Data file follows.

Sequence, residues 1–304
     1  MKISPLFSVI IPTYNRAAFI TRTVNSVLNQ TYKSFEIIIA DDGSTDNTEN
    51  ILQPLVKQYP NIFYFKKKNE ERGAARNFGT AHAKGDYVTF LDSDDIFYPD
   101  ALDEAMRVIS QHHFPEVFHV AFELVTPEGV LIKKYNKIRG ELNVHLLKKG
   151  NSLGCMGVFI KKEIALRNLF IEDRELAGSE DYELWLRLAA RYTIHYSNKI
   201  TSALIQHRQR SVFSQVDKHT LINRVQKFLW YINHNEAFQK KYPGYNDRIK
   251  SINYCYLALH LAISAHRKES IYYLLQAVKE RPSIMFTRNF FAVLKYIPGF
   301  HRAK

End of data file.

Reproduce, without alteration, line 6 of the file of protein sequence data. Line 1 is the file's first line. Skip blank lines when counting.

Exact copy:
   201  TSALIQHRQR SVFSQVDKHT LINRVQKFLW YINHNEAFQK KYPGYNDRIK